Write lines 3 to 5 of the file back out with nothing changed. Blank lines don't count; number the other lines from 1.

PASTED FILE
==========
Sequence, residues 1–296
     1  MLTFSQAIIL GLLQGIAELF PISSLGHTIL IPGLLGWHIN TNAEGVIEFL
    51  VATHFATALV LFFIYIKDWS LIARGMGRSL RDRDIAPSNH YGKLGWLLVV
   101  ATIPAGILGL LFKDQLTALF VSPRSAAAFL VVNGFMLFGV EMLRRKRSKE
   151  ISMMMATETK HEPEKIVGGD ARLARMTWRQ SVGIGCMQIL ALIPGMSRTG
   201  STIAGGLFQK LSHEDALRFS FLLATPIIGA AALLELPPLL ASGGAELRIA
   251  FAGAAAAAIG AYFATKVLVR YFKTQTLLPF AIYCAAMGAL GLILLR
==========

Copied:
    51  VATHFATALV LFFIYIKDWS LIARGMGRSL RDRDIAPSNH YGKLGWLLVV
   101  ATIPAGILGL LFKDQLTALF VSPRSAAAFL VVNGFMLFGV EMLRRKRSKE
   151  ISMMMATETK HEPEKIVGGD ARLARMTWRQ SVGIGCMQIL ALIPGMSRTG